17. 17. Deutsche Bank – identity and mission <ul><li>Our identity </li></ul><ul><li>Leading global investment bank with strong and profitable private clients franchise. </li></ul><ul><li>Our mission </li></ul><ul><li>We compete to be the leading global provider of financial solutions for demanding clients, creating exceptional value for our shareholders and people. </li></ul>
    18. 18. More than 130 years in business <ul><li>Deutsche Bank follows a long-standing tradition, which goes back to its foundation in 1870, to promote and facilitate trade relations between Germany , other European countries and overseas markets . </li></ul><ul><li>Since then, its status as the largest private-sector bank in the German home market and an internationally recognized financial services provider has put it in the public limelight. </li></ul>
    19. 19. Global reach - key driver for success Breakdown of employees by regions, December 2005 63,400 employees worldwide, DB operates in 73 countries Germany: 26,336 (41.5%) Japan: 1,002 (1.6%) Other Asia: 5,184 (8.2%) Africa: 162 (0.3%) Continental Europe: 11,748 (18.5%) United Kingdom: 6,534 (10.3%) North America: 11,134 (17.6%) South America: 345 (0.5%) Australia/NZ: 983 (1.5%)
    20. 20. Sustainability – factor of success Economics, ecology and social responsibility at Deutsche Bank <ul><li>We act sustainably: </li></ul><ul><li>The Sustainability Principle is integrated in all our business processes via policies and target definitions. </li></ul><ul><li>Our Sustainability Management System is certified according to ISO 14001. </li></ul><ul><li>We develop sustainable products , like financing projects for the promotion of renewable energies and financial assets that are invested according to the Sustainability Principle. </li></ul><ul><li>We are active in international partnerships , like the UNEP Finance Initiative, UN Global Compact and the Global Reporting Initiative. </li></ul><ul><li>We support sustainability projects , like microfinancing in developing countries and Peace Parks in Africa. </li></ul>The Sustainability Principle: In the long run, success will only be possible when business, environmental an social responsibilities are all taken into account.
    21. 21. Global responsibility as an Corporate Citizen <ul><li>The Deutsche Bank assumes responsibility for the community . </li></ul><ul><li>Our engagement is basically covered by our staff with different cultural backgrounds, ideas and expectations . </li></ul><ul><li>Based on our values trust, teamwork, performance and i nnovation, we realize various projects e.g. in the fields of education, music, art and sustainability. </li></ul><ul><li>We focus on sustainability, follow the idea „ Help to help oneself“ and effectively encourage and advance the opportunities of young persons. </li></ul>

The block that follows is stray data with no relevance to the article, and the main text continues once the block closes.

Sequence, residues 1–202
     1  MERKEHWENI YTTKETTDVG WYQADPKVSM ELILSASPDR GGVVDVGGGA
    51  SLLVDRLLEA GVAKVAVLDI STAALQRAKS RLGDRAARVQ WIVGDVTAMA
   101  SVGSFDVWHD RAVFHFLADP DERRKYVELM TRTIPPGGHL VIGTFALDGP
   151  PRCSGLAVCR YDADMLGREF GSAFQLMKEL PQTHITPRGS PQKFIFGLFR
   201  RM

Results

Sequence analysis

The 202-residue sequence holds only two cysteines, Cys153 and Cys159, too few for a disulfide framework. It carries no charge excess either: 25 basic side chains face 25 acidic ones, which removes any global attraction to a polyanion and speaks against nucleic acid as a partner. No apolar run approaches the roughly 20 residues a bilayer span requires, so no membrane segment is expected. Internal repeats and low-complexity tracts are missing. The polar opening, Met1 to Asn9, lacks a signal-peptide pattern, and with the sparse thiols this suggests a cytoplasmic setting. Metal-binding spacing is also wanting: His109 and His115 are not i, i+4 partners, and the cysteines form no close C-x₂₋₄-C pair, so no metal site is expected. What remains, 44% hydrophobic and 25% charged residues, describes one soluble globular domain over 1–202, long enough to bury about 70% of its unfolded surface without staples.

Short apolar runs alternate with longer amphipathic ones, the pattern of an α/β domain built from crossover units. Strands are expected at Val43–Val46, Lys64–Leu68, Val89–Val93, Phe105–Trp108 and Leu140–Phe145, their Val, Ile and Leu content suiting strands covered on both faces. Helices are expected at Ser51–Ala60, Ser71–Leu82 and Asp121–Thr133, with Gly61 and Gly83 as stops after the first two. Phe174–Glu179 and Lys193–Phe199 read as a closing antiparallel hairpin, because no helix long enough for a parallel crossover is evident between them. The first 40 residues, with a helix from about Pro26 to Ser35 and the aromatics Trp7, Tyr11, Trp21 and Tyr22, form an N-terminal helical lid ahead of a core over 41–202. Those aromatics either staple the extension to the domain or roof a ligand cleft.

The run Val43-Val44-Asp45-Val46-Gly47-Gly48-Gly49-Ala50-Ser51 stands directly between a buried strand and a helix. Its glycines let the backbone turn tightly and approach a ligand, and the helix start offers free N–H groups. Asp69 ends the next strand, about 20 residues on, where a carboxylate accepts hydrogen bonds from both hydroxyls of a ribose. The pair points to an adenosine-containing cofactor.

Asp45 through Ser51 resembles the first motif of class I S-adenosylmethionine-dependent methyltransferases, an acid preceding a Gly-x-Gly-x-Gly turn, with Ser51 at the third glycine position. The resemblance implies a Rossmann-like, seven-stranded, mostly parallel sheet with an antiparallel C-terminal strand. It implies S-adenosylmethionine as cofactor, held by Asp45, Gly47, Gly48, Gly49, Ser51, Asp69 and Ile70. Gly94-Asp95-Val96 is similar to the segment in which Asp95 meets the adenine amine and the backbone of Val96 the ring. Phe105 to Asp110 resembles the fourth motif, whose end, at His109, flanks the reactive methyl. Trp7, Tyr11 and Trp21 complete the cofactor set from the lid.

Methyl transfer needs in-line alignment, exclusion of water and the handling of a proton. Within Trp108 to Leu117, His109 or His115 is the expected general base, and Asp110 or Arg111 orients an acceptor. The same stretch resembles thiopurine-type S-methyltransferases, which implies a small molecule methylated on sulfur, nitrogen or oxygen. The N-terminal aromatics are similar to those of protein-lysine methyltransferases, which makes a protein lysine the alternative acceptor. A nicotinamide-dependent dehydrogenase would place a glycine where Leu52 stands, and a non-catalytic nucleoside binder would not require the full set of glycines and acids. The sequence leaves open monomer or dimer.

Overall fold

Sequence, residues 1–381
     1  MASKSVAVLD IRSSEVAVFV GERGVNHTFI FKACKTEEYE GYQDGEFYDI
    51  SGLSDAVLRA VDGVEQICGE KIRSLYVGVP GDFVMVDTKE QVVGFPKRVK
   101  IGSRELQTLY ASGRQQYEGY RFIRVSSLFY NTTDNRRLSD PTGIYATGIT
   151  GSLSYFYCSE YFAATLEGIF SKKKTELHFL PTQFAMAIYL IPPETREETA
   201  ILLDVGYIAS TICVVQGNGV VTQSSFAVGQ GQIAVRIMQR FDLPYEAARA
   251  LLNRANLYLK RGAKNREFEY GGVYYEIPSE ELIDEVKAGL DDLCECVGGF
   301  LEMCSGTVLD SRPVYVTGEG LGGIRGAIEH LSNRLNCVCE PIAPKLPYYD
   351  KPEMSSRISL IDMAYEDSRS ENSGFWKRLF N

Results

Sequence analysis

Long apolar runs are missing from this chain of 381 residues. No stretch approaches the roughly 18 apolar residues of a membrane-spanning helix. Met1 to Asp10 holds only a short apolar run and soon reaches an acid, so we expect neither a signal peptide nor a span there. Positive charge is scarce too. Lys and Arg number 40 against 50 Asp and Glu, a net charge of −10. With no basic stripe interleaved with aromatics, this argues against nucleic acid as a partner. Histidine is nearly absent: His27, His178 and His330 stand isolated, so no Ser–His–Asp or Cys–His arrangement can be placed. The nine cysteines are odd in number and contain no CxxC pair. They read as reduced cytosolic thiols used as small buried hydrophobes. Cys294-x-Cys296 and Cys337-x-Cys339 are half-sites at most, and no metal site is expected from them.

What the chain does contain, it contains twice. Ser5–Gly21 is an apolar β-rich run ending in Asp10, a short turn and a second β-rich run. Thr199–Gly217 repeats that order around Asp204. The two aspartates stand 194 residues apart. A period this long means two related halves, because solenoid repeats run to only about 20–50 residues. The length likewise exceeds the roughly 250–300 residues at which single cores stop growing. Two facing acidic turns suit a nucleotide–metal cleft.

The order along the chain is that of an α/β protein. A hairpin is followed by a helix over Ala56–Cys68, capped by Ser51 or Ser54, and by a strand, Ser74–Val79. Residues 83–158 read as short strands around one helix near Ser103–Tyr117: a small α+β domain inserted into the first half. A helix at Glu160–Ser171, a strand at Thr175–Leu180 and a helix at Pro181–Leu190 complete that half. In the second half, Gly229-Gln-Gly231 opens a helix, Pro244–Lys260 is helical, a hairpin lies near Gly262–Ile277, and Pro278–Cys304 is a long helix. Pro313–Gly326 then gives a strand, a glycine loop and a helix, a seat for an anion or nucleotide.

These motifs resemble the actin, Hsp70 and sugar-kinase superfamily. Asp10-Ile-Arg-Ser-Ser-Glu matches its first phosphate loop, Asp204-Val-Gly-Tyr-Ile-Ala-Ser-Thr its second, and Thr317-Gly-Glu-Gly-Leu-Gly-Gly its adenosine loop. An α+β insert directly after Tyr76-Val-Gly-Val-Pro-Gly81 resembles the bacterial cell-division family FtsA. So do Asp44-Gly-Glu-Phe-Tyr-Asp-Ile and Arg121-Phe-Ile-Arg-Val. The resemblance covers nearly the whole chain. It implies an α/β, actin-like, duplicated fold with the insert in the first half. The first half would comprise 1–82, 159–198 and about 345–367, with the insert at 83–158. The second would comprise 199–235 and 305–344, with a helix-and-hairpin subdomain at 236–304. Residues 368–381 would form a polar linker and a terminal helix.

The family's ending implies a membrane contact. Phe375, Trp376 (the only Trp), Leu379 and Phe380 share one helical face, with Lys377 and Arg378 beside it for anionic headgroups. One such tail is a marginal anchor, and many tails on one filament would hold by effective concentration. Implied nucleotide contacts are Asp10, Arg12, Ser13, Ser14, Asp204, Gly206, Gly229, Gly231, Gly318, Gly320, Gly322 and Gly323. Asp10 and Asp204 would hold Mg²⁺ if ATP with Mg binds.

22. 22. CSR/Sustainability – dedication in many areas CSR/Sustainability <ul><li>Management </li></ul><ul><li>Day-to-day business </li></ul><ul><li>International Networks </li></ul><ul><li>Stakeholder Dialogue </li></ul><ul><li>Climate Change </li></ul><ul><li>Community Development </li></ul><ul><li>CSR Activities </li></ul><ul><li>Foundations’ Network </li></ul><ul><li>Volunteering </li></ul>Business Philanthropy
    23. 23. CSR/Sustainability – Licence to operate Social recognition Creating value for all our stakeholders Building confidence Minimizing risk Long-term growth Innovations New market areas Licence to operate
    24. 24. Deutsche Bank’s commitment to the UN Global Compact
    25. 25. Global governance – our partnerships Member since 1998 Bellagio Forum for Sustainable Development International network of foundations, NGOs, media institutions and corporations to promote and develop sustainability projects, founded in 1993 Member since 2002 Transatlantic Outreach Programme (TOP) Since 2002, Initiative of German Department of State, Goethe-Institute, Deutsche Bank and Robert Bosch Foundation Member of Board of Directors Involvement as part of Deutsche Bank’s governance Global Reporting Initiative Multi-Stakeholder-Initiative conceived in 1997 Promotion of reporting on economic, ecological, and social performance of organizations Founding member Member of the steering committee UNEP FI Conceived at Rio Earth Summit Specialist working groups Growth from 1992-2004: from 6 to 231 banks Original signatory Member of Kofi Annan’s Advisory Council 2000-2004 UN Global Compact UN initiated code of conduct for corporates: Principles regarding human rights, labour, environment and anti-corruption The role of Deutsche Bank Organization/Institution Member since 1998 World Business Council for Sustainable Development Global network of leading international companies out of several industries